Jesus Walks on Water

[In Catholic and many other Christian churches today people will hear the story of Jesus Walking on Water as told by St. Matthew. First up is a brief animated telling of the gospel. Once you get over the fact that St. Peter speaks with a decidedly British accent, you can see this as a fine example of what can happen you imagine yourself as being St. Peter or one of the other apostles. To begin, press the triangle in the middle of the picture below.]

[Okay, baby boomers and music aficionados, what popular song does this remind you of? Here is a wonderful version by Anne Murry, What’s not to like? It has
1) roots in folk music world so popular back in the day;
2) bell bottoms;
3) a brief but nice saxophone riff towards the end.]


About Paul Wharton

I am a cradle Catholic, a native West Virginian, and a priest since April 24, 1982. Spiritual Direction has made a tremendous difference in my life and I encourage people to try it out. My motto is "Progress not perfection." I am grateful that God has done for me what I could not do for myself.
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5 Responses to Jesus Walks on Water

  1. Thank you, Father Paul, for helping me get into the right mindset (and soul-set) for the rest of my day. It is early morning here in Northern Michigan and I’ve just watched the two videos while sitting out on the deck with my first cup of coffee and there is a big doe in back of me eating from the apple tree, the first birds awakening, and three Canadian geese fly over in their own harmony, and a vast horizon in front of me which seems to reach way beyond the unknown. And then there’s the quiet, and a fresh breeze arises, and I try to imagine Elijah in the quiet and Jesus trying to get off alone in his own private prayer and Peter and the others in the boat as they were possibly awe-struck by hills of Galilee surrounding the lake and, suddenly, the surprise, the absolutely unpredictable. To hear Peter describe the experience as a Brit only reinforces the universality of our cosmic God. To hear Anne Murray sing about it reminds me that our God is a God of bell bottoms too, and that our God empowers us with the freedom to stand before thousands and sing about the wonder of it all. Thank you Father Paul for providing the richness of hearing Peter tell the story with all the emotions, and the depth of the imagery, and the music. You certainly have helped this seventy year-old codger to better appreciate it all and to realize that church this morning will be more richer when I listen to the readings, the preaching, and the words of the liturgy. And who knows what I might hear in the voices of the quiet and the gentle breeze and the birds and the geese throughout the rest of the day?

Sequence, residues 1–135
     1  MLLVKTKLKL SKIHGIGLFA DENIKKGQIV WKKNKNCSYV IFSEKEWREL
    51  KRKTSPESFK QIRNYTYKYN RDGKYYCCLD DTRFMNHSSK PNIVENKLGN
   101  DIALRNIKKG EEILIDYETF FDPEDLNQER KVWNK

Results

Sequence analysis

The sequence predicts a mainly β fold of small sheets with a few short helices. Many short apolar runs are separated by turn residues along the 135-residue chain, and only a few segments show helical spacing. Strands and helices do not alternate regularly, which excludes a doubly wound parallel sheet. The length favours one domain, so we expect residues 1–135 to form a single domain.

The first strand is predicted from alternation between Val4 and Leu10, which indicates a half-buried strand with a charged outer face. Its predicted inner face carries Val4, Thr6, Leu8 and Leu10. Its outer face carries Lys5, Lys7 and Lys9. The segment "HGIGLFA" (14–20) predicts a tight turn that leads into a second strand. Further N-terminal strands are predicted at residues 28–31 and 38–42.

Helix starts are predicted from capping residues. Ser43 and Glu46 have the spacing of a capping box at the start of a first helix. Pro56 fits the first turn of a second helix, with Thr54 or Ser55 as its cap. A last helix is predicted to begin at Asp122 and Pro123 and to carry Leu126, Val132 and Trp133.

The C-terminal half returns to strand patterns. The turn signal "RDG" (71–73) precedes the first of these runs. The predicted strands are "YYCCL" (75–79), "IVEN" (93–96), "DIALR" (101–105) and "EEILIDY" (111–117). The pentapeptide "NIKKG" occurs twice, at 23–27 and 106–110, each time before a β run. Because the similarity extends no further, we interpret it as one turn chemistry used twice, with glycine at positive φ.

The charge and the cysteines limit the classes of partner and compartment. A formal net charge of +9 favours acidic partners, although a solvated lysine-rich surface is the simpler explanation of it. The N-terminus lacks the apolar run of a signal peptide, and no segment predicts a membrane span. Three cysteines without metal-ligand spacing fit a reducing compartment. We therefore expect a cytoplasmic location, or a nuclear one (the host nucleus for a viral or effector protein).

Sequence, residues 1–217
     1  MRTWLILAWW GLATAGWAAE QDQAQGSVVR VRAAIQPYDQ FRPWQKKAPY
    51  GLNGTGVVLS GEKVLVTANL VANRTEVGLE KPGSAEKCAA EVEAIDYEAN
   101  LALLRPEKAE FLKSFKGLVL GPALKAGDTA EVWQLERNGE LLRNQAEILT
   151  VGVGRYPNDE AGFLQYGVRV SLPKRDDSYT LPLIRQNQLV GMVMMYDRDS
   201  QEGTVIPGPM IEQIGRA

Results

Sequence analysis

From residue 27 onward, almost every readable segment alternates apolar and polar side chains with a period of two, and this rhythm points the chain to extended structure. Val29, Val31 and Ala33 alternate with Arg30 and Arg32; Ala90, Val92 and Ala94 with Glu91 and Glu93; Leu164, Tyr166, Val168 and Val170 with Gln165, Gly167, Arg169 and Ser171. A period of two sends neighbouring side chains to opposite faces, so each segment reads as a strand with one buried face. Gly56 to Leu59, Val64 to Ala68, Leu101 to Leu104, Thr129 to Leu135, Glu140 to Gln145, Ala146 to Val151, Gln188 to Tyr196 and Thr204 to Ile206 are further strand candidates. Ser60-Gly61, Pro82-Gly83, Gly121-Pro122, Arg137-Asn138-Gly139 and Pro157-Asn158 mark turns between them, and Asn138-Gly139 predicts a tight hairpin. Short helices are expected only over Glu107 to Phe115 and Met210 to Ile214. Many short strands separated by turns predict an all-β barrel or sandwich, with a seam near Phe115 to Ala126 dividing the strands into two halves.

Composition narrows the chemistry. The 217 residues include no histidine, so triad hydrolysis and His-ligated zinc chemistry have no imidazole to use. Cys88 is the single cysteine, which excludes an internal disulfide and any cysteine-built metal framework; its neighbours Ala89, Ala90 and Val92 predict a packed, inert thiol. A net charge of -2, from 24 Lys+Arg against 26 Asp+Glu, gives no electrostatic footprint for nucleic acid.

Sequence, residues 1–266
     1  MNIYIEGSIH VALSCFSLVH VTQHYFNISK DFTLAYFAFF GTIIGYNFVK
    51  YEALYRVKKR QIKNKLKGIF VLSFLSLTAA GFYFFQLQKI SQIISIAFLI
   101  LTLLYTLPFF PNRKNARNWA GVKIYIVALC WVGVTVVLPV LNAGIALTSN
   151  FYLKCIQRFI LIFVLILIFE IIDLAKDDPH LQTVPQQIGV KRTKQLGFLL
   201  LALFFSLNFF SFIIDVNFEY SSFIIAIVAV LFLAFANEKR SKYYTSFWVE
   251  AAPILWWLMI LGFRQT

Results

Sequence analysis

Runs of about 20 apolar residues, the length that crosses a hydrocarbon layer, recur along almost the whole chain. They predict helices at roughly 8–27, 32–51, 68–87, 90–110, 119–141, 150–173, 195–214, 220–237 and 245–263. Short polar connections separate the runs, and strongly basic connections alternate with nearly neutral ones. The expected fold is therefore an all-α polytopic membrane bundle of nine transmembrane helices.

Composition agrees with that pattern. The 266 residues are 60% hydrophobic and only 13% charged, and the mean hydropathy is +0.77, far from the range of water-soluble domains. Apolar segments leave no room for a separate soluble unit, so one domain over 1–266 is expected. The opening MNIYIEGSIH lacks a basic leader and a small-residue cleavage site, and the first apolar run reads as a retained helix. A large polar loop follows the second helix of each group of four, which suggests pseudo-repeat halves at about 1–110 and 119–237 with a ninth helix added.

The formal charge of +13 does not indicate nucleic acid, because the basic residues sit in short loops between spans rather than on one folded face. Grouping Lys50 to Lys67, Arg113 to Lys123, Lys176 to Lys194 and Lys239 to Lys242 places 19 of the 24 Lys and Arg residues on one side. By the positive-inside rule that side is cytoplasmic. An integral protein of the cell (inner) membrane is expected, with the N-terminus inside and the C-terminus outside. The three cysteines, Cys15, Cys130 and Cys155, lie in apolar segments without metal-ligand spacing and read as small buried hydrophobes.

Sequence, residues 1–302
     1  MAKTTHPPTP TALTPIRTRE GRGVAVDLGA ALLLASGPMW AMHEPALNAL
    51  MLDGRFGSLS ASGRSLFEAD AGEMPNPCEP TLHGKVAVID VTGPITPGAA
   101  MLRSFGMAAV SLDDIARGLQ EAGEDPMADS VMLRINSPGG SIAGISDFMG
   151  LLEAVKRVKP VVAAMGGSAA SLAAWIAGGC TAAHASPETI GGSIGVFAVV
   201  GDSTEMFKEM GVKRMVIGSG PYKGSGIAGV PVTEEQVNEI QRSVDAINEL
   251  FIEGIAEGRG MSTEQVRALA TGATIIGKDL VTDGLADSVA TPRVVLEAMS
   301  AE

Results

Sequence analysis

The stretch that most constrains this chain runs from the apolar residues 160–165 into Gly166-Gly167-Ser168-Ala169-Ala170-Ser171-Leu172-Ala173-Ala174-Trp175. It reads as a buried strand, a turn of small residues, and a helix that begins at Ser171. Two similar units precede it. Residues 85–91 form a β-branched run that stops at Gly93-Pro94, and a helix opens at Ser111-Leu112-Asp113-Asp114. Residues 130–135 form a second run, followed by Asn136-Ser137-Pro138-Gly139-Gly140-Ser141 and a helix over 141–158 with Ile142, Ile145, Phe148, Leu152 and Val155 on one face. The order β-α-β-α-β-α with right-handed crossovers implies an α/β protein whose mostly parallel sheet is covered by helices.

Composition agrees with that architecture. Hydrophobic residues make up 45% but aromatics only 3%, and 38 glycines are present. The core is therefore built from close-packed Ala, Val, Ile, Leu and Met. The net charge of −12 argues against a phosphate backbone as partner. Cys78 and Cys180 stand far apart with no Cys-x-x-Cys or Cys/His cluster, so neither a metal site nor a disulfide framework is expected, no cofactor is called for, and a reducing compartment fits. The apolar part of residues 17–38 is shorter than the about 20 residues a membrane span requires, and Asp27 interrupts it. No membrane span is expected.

2. Let us imagine … really imagine, that this scene happened today and we are in the boat with the disciples. Would we really have the courage … the Faith, true Faith … to step out of the boat and walk towards Jesus? Let’s be honest with ourselves now, (including me), would we REALLY step out of the boat? Or would there be that 1% doubt lurking at the back of our minds holding us back … just in case.

    What’s the use having a leader who walks on water if we’re not prepared to follow Him?

    God bless.

    • Paul Wharton says:

      A very good question you ask. Usually, when I preach on a miracle story I ask myself two questions.
      What does this story tell us about Jesus?
      What does it tell us about discipleship?

  3. Karinann says:

    This clip brings out something I read about Peter in Magnificat this morning- that is perhaps it was his pride that caused him to take his eyes off Jesus. (as it does for me as well at times) Still, I give him credit for at least getting out of the boat. Your questions above make for good meditation and reflection on this passage.
    Thanks too for the trip down memory lane with Anne Murray 🙂

  4. Fr. Paul,
    I enjoyed this very much. I played the song Anne Murray”Put your hand in the hand of the man from Galilee.”and Johnny Cash. I have not heard this song for years. I appreciate my freedom and would reach to put my hand in the man’s hand and be a follower.

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